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Evolution of the Indian Psyche towards Mental Illnesses

In collaboration with Good Lives

To begin with, what is stigma? Being viewed negatively, being disapproved of, or discriminated against. Additionally, what are mental illnesses? Health conditions involving change in emotion, thinking and behaviour. Clinical depression, anxiety disorder, bipolar disorder, schizophrenia to name a few mental health illnesses. This article delves deeper into the origin and spread of stigma around mental health illnesses in India.

Mental health issues in India date back to ancient times. Counselling sessions conducted by Lord Krishna for Arjuna tells us how mental health issues are not a modern issue but an ancient one. Lord Krishna's advice not only resulted in Arjuna's miraculous recovery, but it is also part of one of the most revered ancient texts. Padma Shree awardee and former National President of the Indian Medical Association (IMA), late Dr. KK Aggarwal, regards Lord Krishna as the most celebrated counsellor and Bhagavad Gita to be the first textbook of counselling that has answers to most psychiatric problems. Issues thousands of years old should naturally be accepted in the society and not be expected to have a stigma around them present in modern times. But, that is where Indian society stands.

WHO estimates that the burden of mental health problems in India is 2443 disability-adjusted life years (DALYs) per 10,000 population; the age-adjusted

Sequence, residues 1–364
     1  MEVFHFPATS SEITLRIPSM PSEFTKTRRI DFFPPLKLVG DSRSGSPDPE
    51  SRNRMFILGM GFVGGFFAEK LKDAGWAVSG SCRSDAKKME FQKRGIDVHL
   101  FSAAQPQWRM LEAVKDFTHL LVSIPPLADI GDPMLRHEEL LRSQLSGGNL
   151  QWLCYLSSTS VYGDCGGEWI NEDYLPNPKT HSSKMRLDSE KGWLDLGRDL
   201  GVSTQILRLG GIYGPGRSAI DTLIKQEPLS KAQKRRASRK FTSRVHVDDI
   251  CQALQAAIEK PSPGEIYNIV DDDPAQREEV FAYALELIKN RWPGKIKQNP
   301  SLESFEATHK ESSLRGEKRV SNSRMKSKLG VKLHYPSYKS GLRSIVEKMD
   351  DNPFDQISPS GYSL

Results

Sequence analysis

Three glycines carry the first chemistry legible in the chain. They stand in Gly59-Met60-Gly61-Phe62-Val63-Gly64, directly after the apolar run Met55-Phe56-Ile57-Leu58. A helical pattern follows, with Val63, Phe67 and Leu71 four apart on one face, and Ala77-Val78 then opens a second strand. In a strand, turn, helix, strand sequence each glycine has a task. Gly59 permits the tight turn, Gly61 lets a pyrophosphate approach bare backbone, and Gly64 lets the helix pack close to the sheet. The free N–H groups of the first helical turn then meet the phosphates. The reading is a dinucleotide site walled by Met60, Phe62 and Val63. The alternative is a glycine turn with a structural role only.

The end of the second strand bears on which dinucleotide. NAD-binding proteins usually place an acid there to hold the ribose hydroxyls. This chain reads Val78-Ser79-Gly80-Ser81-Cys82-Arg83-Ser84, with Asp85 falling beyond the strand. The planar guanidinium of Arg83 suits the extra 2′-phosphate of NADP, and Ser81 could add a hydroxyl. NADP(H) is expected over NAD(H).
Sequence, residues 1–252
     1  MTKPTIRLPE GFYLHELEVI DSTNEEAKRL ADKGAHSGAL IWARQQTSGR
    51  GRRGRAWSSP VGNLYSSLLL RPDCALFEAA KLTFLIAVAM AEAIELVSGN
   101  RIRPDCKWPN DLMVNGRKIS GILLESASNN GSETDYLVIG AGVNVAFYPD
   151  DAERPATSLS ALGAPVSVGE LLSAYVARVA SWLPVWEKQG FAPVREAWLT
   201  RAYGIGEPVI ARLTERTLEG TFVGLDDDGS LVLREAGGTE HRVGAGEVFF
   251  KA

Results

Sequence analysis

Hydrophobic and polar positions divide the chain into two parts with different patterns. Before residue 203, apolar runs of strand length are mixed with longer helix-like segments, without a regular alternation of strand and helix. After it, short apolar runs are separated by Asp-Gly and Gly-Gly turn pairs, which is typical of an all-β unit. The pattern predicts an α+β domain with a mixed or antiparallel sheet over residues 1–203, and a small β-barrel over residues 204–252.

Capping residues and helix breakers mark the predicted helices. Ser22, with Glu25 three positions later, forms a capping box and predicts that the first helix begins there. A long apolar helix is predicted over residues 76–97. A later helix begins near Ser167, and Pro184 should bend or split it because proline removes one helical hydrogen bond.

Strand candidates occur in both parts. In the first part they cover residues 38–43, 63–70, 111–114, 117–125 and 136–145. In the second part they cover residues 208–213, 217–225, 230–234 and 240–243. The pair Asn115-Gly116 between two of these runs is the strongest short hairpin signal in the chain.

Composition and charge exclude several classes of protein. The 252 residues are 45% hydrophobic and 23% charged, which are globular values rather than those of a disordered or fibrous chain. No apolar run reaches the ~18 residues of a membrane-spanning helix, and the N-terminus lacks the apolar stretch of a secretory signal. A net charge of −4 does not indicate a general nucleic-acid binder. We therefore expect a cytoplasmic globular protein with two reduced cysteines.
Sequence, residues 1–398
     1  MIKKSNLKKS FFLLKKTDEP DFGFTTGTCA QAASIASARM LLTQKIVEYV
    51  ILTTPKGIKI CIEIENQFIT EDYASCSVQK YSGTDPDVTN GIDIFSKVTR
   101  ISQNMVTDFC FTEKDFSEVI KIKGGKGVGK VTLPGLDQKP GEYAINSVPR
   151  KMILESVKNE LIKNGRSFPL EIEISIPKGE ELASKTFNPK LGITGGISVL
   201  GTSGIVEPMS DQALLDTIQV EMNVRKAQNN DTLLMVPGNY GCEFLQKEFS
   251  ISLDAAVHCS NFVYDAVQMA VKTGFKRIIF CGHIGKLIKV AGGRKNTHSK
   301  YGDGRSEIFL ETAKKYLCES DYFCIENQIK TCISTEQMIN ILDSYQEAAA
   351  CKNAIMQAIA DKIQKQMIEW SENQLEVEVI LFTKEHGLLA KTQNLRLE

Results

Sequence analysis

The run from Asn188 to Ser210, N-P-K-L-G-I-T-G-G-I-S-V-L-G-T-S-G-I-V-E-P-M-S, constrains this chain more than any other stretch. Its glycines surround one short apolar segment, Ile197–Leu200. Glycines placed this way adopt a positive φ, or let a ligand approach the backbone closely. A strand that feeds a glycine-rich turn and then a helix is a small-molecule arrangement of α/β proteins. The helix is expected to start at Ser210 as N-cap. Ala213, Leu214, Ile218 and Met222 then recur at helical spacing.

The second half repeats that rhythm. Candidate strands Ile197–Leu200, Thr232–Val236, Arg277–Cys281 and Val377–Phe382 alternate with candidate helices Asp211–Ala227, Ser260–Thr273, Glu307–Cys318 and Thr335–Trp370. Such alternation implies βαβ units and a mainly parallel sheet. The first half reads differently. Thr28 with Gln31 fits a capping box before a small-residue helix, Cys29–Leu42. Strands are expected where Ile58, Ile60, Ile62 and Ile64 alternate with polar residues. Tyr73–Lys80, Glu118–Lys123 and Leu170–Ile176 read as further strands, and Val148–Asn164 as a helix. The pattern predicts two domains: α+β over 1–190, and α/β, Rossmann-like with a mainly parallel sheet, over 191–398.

suicide rate per 100,000 population is 21.1. Even after such a significant amount of people being affected by mental health issues in India, society cannot accept and normalize seeking help. MDE (Major Depressive Episode), is a feeling of tremendous helplessness and worthlessness. Death or divorce, increased stress or a lonely life are the major causes of depressive episodes among Indians. The enduring taboo that has prevailed in Indian society ceases millions in the nation from accessing mental health care. The taboo prevents them from bringing their mental health issues in front of society. Those who even seek help from a mental health professional keep it to themselves, in fear that members of society will not approve of it or accept it.

The culture of society plays an important role in stigmatizing anything, furthermore making it taboo. Well, we are living in a country where often, when you reveal your mental health issues to your family, they might end up consulting an astrologer for you. Who will then suggest a different colour ring for the particular mental health illness, which might not be the ideal solution for the issue at hand. Parents will not take you to a psychiatrist, a psychologist but to an astrologer? This often questions the rationality behind some decisions pertaining to mental health and the mindset of Indian society. It is simply an act forced upon by the stigma that prevails in society when it comes to mental health. In 2018-2019, India was dubbed as one of the most depressed countries in the world according to the WHO. Yet, more than half of the people suffering from mental health issues do not end up getting the help they need in India. The stigma has created an environment in the country where people who seek help from a mental health professional are considered weak, unstable, dangerous or incompetent. But in reality, it may be the opposite.

The belittling of mental illnesses in the Indian context, not having the right terminology to explain your mental state, and thus normalising anxiety and depression in most individuals contribute even more to the excruciating taboo existing in Indian society. The mental-health-related public stigma which reduces hope, lowers-self esteem and often results in social exclusion negatively impacts help-seeking by young people to a larger extent than among adults.